In general, when lava cools, various minerals crystallize out at different temperatures, and these minerals preferentially include and exclude various elements in their crystal structures. So one obtains a series of minerals crystallizing out of the lava. Thus the composition of the lava continues to change, and later minerals can form having significantly different compositions than earlier ones. Lava that cools on the surface of the earth is called extrusive. This type of lava cools quickly, leaving little time for crystals to form, and forms basalt. Lava that cools underground cools much more slowly, and can form large crystals. This type of lava typically forms granite or quartz.
A good general introduction to radiometric dating from an evolutionary perspective can be found at

Why methods in general are inaccurate

I admit this is a very beautiful theory. This would seem to imply that the problem of radiometric dating has been solved, and that there are no anomalies. So if we take a lava flow and date several minerals for which one knows the daughter element is excluded, we should always get the exact same date, and it should agree with the accepted age of the geological period. Is this true? I doubt it very much. If the radiometric dating problem has been solved in this manner, then why do we need isochrons, which are claimed to be more accurate?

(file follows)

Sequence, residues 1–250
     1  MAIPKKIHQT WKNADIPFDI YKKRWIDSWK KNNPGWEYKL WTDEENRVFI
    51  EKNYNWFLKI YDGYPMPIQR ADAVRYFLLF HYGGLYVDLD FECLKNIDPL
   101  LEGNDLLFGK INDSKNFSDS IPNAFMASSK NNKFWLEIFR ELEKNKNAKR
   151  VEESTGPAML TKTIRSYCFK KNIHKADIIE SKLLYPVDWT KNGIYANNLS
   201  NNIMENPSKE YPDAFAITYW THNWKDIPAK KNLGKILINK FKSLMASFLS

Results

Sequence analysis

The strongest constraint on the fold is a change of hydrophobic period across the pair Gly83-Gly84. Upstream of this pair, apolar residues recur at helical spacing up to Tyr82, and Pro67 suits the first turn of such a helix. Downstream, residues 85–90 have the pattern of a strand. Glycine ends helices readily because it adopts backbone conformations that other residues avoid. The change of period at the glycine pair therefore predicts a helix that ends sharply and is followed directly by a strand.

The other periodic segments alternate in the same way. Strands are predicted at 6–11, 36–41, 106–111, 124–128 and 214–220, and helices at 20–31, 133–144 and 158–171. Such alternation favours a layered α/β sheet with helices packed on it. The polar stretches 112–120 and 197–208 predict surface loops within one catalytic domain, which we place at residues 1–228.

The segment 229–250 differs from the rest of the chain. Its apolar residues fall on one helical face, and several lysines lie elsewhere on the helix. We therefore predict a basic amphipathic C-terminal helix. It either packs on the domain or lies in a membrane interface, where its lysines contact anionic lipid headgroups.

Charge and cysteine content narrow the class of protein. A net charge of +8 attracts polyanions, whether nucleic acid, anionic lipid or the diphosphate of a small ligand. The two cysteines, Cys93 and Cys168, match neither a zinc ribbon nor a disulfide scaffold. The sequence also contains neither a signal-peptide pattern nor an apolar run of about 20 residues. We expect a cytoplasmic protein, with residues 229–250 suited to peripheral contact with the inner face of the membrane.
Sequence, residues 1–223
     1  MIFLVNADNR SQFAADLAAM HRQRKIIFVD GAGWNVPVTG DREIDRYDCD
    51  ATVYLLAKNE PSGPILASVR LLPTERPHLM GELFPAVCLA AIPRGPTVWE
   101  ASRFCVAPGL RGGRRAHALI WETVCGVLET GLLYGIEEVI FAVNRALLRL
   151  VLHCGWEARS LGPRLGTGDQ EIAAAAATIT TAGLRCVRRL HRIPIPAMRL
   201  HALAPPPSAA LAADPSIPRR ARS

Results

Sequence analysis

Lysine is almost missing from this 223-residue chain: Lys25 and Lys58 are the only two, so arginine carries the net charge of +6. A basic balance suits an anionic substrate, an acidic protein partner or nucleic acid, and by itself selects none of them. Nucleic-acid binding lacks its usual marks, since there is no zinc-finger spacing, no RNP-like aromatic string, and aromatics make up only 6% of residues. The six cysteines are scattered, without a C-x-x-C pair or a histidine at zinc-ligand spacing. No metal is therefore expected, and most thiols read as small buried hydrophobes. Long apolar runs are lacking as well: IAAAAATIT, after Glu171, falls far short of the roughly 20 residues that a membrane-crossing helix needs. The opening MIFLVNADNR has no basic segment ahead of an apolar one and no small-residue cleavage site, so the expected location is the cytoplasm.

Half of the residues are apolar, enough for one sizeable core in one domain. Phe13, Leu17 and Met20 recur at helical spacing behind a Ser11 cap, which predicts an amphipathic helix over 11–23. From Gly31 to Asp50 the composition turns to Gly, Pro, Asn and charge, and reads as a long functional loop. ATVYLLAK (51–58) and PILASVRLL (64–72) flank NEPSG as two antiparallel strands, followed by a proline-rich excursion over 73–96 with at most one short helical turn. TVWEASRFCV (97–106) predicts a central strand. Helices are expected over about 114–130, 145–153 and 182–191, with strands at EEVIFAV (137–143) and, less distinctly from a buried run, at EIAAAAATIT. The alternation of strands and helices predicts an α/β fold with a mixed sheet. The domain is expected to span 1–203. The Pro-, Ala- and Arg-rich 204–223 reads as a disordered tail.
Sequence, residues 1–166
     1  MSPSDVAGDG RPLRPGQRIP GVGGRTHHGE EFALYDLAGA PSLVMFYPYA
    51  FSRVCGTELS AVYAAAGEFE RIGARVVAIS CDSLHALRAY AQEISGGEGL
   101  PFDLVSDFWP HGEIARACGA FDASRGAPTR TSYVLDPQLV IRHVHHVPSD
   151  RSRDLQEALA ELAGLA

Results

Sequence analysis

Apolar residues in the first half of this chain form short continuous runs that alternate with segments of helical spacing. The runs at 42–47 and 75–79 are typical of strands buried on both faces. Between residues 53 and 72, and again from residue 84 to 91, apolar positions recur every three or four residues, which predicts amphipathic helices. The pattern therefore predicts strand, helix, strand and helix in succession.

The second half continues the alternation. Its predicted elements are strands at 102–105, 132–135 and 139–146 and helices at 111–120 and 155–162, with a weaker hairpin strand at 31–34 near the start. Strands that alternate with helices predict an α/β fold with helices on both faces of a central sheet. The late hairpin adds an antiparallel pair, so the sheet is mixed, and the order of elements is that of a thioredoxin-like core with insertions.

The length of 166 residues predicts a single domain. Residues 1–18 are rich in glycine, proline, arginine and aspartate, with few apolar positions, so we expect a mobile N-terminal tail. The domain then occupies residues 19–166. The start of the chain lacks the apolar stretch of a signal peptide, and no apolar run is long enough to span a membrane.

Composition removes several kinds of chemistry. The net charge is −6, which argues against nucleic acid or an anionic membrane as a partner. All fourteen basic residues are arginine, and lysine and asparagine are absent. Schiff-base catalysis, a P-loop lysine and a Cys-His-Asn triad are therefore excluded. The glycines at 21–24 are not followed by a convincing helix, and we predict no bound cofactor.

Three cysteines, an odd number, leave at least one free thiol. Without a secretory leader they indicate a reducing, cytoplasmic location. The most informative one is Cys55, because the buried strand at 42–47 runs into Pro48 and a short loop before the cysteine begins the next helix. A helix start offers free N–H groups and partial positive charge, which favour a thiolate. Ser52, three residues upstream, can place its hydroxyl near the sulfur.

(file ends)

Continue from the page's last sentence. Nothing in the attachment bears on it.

The same question could be asked in general of minerals that are thought to yield good dates. Mica is thought to exclude Sr, so it should yield good Rb-Sr dates. But are dates from mica always accepted, and do they always agree with the age of their geologic period? I suspect not.
Indeed, there are a number of conditions on the reliability of radiometric dating. For example, for K-Ar dating, we have the following requirements:
For this system to work as a clock, the following 4 criteria must be fulfilled:
1. The decay constant and the abundance of K40 must be known accurately.
2. There must have been no incorporation of Ar40 into the mineral at the time of crystallization or a leak of Ar40 from the mineral following crystallization.